"For 19 years old I'm not sure what you're supposed to expect, but he did a lot of really good things," Poile said. "I know he had some bumps in the road. I think his plus/minus (minus-23), you'd like to be better, but he went over to the [2014 IIHF] World Championship and played really well; best defenseman in the tournament. He's been working out all summer. I'm expecting real good things. Just a little bit better in every area."

If the Predators are just a little bit better in every area, it ought to get them back to the playoffs, no matter how tough the division is.

Jets feel AHL success will help top 10 prospects

The managerial team of the Winnipeg Jets can take pride in the fact they've solidified a foundation of good, young talent by way of the NHL Draft.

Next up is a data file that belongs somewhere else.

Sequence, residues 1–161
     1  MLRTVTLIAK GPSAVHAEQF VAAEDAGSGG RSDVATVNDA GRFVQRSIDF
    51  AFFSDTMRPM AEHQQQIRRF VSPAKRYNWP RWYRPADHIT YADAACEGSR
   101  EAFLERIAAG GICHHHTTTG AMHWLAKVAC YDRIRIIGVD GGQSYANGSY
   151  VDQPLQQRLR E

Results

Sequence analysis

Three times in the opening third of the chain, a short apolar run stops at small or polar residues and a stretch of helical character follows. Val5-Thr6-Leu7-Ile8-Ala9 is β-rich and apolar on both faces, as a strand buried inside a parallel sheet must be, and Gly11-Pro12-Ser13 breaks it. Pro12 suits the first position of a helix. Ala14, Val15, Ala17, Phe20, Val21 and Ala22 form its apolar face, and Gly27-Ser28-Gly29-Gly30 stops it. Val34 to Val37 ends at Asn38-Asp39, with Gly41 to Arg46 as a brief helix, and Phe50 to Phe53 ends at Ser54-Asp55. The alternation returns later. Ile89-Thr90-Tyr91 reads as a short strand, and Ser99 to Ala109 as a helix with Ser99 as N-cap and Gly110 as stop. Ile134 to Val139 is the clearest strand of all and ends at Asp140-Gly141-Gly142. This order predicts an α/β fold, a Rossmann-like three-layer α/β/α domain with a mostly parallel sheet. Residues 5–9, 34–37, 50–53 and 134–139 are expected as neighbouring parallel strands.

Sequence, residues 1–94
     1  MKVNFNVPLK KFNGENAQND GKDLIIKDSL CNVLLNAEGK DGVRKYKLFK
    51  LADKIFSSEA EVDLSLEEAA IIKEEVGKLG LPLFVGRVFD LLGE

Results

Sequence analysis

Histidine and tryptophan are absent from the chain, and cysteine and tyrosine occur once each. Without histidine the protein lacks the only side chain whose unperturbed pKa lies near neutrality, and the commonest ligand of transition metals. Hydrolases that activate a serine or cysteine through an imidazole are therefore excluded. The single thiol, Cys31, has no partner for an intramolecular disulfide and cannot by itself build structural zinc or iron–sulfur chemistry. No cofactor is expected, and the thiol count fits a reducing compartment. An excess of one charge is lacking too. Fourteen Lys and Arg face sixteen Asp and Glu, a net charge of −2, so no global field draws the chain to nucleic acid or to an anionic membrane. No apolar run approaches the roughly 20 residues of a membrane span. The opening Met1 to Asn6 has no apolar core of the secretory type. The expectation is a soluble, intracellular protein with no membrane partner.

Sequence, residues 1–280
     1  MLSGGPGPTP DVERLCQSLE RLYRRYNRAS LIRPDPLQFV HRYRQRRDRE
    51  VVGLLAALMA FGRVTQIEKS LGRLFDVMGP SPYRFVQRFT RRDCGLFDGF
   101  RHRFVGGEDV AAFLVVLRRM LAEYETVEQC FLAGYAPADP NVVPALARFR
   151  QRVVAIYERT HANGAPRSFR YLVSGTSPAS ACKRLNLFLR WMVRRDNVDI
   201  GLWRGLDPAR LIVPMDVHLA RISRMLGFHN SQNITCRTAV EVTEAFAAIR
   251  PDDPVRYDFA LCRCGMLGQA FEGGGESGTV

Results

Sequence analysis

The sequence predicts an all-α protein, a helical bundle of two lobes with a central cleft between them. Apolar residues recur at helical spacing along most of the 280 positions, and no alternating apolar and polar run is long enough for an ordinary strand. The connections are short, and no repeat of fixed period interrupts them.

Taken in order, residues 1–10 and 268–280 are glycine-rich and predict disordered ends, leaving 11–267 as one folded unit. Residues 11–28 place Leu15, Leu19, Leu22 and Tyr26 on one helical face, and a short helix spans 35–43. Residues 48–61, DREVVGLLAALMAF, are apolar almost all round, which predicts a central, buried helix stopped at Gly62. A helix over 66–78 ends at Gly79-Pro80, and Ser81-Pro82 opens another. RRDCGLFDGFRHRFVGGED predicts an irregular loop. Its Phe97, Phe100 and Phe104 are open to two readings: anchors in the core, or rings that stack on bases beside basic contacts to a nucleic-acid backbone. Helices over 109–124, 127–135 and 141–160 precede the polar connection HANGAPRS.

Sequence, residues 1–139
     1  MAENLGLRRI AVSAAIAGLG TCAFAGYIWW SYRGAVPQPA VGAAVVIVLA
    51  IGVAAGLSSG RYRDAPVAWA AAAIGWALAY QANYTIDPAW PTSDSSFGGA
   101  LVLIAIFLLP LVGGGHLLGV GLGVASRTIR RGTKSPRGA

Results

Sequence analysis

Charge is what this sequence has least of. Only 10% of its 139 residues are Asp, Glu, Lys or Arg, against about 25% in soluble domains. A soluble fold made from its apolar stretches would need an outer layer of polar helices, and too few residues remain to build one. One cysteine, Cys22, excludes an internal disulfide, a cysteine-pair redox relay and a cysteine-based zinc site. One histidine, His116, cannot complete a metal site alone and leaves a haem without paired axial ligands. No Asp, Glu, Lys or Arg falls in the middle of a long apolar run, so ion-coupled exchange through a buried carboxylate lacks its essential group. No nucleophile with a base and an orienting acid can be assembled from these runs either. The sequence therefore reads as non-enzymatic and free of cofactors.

The pipeline is brimming with blue-chip prospects ready to make their mark. Forward Mark Scheifele, a 2011 first-round pick (No. 7) and defenseman Jacob Trouba, the team's 2012 first-round pick (No. 9) are two recent top picks who've already established themselves.

"The goal once we came to Winnipeg was to try and increase the depth in the organization and I think [general manager Kevin Cheveldayoff] and the other management group have provided us with a lot of picks over the years and given us an opportunity to try and improve the depth and grow our organization from within," Jets director of amateur scouting Marcel Comeau told NHL.com. "That's the mantra [Cheveldayoff] has in place and that's what we're trying to do."

After making 30 picks at the past four drafts, Cheveldayoff should be pleased. The team's American Hockey League affiliate, the St. John's IceCaps, reached the Calder Cup Final last season before losing to the Texas Stars in five games. That team, coached by Keith McCambridge, was fortified with talent on both ends of the ice.